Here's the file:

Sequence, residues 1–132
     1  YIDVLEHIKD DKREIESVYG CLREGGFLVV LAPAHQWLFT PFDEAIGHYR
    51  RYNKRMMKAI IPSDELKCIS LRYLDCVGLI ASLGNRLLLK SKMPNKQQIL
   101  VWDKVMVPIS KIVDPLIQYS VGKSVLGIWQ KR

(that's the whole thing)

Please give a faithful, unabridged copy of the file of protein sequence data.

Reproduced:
Sequence, residues 1–132
     1  YIDVLEHIKD DKREIESVYG CLREGGFLVV LAPAHQWLFT PFDEAIGHYR
    51  RYNKRMMKAI IPSDELKCIS LRYLDCVGLI ASLGNRLLLK SKMPNKQQIL
   101  VWDKVMVPIS KIVDPLIQYS VGKSVLGIWQ KR